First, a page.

HIPAA

While I do not write about client’s on this blog, I do write about things that have been inspired by client interactions (such as but not limited to “when working with a client that has major depressive disorder, I learned that many clients with MDD also have…”; “The other day when working with a client, it got me thinking about interviewing techniques…”, etc.). Additionally, I write about the Practice of Social Work (in general), which inherently means that (in some way) I am writing about my interaction with agencies, colleagues, and clients, because much like the name of my field implies, Social Workers don’t exist within a vacuum, but rather within society as a whole.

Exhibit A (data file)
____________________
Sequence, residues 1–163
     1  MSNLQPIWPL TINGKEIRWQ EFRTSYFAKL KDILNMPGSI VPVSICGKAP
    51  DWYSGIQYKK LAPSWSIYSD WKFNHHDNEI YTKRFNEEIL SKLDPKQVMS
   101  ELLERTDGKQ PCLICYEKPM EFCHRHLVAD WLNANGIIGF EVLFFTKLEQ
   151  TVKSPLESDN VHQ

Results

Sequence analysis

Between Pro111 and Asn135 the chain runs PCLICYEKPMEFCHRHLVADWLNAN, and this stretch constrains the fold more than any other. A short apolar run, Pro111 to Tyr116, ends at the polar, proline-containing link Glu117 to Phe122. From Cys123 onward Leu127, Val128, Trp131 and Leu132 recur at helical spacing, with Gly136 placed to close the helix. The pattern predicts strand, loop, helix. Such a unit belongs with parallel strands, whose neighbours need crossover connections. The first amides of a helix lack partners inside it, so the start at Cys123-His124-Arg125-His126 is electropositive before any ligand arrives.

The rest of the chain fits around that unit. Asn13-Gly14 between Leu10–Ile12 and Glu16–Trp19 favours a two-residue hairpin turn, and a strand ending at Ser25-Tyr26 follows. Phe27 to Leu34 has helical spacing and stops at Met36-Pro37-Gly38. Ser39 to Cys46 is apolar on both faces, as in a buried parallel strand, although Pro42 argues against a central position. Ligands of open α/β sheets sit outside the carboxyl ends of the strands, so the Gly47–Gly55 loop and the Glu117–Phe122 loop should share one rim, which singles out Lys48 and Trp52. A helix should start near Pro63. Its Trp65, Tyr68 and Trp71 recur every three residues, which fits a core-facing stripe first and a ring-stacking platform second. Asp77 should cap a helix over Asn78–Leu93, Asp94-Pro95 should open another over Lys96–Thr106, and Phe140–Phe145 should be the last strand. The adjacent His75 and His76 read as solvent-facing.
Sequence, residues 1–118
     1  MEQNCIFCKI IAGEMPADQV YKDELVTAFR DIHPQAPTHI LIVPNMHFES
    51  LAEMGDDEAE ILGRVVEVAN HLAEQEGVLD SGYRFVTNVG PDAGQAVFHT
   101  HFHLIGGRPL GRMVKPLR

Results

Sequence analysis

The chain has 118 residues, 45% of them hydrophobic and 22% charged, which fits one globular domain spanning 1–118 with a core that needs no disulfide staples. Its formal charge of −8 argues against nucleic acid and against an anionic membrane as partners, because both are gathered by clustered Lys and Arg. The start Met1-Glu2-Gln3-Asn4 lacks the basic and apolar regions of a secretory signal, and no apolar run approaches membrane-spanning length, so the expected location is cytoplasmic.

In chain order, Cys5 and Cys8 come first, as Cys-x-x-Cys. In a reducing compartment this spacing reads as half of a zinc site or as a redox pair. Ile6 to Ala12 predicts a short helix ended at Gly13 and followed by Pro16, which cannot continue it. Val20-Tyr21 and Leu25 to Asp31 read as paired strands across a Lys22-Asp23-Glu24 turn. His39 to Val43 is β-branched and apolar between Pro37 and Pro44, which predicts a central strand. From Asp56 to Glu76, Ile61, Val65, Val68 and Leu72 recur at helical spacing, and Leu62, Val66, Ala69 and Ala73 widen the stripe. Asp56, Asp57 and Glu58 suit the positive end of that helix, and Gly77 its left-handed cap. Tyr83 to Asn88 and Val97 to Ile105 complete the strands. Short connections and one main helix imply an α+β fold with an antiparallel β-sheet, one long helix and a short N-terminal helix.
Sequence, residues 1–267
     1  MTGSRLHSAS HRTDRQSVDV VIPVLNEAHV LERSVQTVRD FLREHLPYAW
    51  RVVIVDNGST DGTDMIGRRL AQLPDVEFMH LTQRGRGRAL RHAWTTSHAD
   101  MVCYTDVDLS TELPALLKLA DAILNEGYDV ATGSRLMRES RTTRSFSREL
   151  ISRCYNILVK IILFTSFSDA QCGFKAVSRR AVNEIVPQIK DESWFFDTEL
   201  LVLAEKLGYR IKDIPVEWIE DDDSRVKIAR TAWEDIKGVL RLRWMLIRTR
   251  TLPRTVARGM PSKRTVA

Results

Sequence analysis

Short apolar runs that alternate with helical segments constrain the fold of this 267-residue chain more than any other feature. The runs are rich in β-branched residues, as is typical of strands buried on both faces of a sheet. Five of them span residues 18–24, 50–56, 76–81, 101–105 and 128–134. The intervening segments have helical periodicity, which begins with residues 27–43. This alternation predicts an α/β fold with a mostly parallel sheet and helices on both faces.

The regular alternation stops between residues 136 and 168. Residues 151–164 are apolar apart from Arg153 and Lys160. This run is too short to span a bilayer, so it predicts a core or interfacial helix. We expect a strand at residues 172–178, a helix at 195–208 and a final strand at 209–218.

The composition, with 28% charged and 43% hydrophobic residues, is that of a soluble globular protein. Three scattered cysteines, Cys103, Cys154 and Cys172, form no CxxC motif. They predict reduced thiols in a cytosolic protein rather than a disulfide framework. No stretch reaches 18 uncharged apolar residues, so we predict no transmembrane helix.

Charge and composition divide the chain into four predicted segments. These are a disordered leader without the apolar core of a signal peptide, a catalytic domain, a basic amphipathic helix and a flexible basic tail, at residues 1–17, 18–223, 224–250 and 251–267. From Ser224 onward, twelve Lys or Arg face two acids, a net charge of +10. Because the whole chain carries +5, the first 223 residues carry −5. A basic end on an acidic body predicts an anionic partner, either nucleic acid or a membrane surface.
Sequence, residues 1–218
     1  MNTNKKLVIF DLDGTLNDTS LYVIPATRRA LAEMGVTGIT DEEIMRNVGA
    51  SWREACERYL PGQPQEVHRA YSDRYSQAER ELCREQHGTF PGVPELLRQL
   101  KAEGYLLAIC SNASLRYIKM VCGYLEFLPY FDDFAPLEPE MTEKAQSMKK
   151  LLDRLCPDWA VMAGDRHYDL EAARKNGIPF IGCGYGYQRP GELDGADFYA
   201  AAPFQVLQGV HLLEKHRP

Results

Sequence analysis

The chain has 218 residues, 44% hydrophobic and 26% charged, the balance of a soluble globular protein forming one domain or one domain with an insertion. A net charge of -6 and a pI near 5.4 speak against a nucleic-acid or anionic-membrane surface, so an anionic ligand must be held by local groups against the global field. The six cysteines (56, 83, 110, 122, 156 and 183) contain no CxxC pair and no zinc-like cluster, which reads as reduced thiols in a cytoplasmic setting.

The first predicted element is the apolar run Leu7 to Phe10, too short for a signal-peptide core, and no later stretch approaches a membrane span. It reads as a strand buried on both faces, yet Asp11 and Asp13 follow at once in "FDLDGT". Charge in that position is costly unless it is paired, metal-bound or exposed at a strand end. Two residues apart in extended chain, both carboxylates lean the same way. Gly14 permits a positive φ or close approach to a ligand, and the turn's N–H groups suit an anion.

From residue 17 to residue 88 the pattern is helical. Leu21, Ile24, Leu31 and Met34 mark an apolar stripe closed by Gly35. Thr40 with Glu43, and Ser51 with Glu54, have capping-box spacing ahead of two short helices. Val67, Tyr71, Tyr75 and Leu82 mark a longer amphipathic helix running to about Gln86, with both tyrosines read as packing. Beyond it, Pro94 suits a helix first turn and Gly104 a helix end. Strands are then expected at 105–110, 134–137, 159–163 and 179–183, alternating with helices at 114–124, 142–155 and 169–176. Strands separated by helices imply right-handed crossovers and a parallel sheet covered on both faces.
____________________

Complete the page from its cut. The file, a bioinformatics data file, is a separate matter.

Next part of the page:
Therefore: in line with HIPAA regulations concerning protected health information, and in accordance with NASW ethical standards, any information that would allow someone to know who the person or agency is that is being written about has been either changed, significantly modified or eliminated. This includes obvious things like names and birth dates, but may also contain other information that would be unique to the person or agency that would allow for identification of either. This includes, but is not limited to a specific diagnosis (or diagnoses) that would allow for identification, race/ethnicity/gender, name, location, or type of practice. Any factors that are included that are directly related to the case presentation are included if – and only if – they will not allow for identification of the client(s) or agency. The final post or page on this blog/website is written in such a way that the client, agency, or colleague could read the piece that was inspired by them, and never be able to come to the conclusion that they were the locus and/or spark of inspiration.